keyboard with hand

SWC Online Voices

September 2009

Interview With Jodi Cutler Del Torre

by Kim Ward

Jodi Cutler del Torre is an American mom living in Italy with her husband and two bilingual children. Jordan, 13, was born in an American hospital. When he was only a few months old the del Torres moved to Italy where his hearing loss was discovered at a routine pediatric check-up. He was immediately fitted with hearing aids. To facilitate language learning, Italian doctors advised Jodi not to speak English at home, as it was perceived he would have a difficult enough time learning just one language—Italian. Jodi was still learning Italian at the time, but followed their advice in the hopes her child would learn to speak. Eventually Jordan was given a cochlear implant and now speaks both Italian and English clearly. Jodi is currently involved in international support and advocacy for newborn hearing screenings. Recently she published a fictional book for children called Rally Caps, about a boy who plays baseball and wears a Cochlear Implant. She also maintains a blog about family life in Italy called “An American Mom in Tuscany: Jordan’s Cochlear Implant Story.” To read more about the del Torres, go to www.rallycapsdotnet.blogspot.com.

Kim: Tell me about yourself.

Jodi: I am the hearing mom of a 12 year old son (Jordan) with a profound bilateral sensorineural hearing loss. We learned he was deaf, despite the fact that he was born in Baltimore, when he was 10 months old after a pediatric check-up. He currently wears a cochlear implant in his left ear and a hearing aid in his right ear.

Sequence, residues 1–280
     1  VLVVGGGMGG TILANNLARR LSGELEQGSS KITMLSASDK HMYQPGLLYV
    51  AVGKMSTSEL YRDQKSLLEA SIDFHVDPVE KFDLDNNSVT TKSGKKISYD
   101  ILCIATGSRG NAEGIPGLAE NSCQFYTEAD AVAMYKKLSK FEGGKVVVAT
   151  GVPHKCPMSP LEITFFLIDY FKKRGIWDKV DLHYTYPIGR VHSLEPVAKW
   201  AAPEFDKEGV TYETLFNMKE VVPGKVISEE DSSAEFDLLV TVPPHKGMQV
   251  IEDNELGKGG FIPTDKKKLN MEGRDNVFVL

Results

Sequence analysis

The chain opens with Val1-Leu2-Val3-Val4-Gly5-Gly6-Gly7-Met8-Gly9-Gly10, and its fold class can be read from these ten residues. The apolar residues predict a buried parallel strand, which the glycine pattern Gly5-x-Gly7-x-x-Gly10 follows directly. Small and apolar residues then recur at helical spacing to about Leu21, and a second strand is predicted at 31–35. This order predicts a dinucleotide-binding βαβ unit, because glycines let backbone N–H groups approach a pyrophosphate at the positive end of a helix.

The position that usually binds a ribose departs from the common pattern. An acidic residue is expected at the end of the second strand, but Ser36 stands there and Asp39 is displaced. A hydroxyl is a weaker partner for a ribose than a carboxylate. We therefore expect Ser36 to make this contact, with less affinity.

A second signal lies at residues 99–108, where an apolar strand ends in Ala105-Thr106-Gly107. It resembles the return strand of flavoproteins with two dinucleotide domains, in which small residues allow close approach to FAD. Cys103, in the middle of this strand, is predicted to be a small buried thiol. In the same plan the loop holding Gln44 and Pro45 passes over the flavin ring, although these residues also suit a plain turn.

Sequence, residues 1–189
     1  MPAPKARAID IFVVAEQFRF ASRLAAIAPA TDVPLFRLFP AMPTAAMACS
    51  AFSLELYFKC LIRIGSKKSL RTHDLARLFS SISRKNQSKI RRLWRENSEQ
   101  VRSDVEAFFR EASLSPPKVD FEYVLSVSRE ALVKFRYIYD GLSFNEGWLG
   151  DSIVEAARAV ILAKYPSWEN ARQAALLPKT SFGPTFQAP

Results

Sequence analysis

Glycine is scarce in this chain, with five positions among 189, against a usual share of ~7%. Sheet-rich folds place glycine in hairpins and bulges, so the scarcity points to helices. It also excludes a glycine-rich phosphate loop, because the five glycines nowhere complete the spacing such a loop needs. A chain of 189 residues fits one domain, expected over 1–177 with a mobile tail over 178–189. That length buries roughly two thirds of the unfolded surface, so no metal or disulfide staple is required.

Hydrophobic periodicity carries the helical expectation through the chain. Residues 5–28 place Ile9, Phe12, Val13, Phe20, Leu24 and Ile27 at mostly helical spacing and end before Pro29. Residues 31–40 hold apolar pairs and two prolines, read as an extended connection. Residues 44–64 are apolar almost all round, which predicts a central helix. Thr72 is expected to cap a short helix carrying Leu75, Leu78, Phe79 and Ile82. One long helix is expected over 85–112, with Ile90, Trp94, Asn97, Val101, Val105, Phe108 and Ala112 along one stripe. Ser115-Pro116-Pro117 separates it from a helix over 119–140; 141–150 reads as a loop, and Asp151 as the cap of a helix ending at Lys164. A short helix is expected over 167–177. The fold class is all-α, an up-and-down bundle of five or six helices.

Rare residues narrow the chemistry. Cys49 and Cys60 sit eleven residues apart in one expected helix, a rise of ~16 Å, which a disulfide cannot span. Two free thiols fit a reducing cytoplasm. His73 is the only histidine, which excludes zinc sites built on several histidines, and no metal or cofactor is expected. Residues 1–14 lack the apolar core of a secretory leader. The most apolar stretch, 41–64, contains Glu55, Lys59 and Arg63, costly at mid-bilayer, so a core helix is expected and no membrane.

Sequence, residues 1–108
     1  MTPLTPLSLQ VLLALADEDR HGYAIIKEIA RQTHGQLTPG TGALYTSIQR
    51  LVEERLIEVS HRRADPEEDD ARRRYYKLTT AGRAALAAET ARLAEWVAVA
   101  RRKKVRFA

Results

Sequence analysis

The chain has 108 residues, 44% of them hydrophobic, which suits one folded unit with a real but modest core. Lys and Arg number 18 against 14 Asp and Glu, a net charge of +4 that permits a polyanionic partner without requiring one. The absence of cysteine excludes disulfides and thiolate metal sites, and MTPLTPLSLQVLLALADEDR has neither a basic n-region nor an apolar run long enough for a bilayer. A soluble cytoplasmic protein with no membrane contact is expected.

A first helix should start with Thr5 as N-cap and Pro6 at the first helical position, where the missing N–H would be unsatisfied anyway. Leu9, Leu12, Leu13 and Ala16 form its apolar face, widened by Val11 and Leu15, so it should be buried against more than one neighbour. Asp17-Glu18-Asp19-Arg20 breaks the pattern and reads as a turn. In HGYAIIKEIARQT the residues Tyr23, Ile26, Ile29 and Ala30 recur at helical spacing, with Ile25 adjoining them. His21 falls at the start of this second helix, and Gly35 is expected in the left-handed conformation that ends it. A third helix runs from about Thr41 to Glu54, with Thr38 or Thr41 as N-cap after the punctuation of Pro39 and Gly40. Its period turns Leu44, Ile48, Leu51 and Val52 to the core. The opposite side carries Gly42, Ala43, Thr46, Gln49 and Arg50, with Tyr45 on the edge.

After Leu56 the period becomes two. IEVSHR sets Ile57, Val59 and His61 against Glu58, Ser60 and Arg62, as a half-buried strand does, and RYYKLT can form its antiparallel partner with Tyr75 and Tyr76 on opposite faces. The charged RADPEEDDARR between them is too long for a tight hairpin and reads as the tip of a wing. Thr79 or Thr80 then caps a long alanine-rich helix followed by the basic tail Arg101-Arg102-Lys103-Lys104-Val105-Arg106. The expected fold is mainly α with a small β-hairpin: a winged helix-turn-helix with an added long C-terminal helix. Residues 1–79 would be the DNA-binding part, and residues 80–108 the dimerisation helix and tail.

Kim: What was your initial reaction upon learning Jordan was deaf?

Jodi: My initial reaction was “I need to know everything possible about deafness. Where can I find books, literature, articles, anything? Will my son be able to speak? How can I teach him to sign? Is ASL the same as Italian Sign Language (LIS)? Can I still speak English to him? How am I possibly going to learn Italian fast enough? What can I do to help my child?”

Kim: What kind of emotional support, advice and information did you receive upon learning about his deafness?

Jodi: I received absolutely no emotional support. Jordan was immediately given hearing aids and we were sent to the speech therapist — couldn’t understand a word she said, it was all in Italian. I found the John Tracy Clinic, I believe online and thankfully, they began sending me video cassettes. Six months after his diagnosis, I returned to Baltimore and spent eight hours in the book store where I found the book Choices in Deafness. I repeat, I had no emotional support and the advice received from family members about having to sign despite our chosen path was draining.

Kim: Did you research various options for Jordan on the Internet, at the library or by asking questions from organizations that support parents of deaf children? (Did you research the option of implantation, ASL or both?)

Jodi: Jordan was diagnosed 12 years ago. I found nothing on line, no articles, nothing. There were no organizations here; I only had the support of my speech therapist. I went to a meeting of a deaf community chapter, and they were very nice, but the idea of adding LIS on top of Italian when I was prohibited from speaking English was too overwhelming.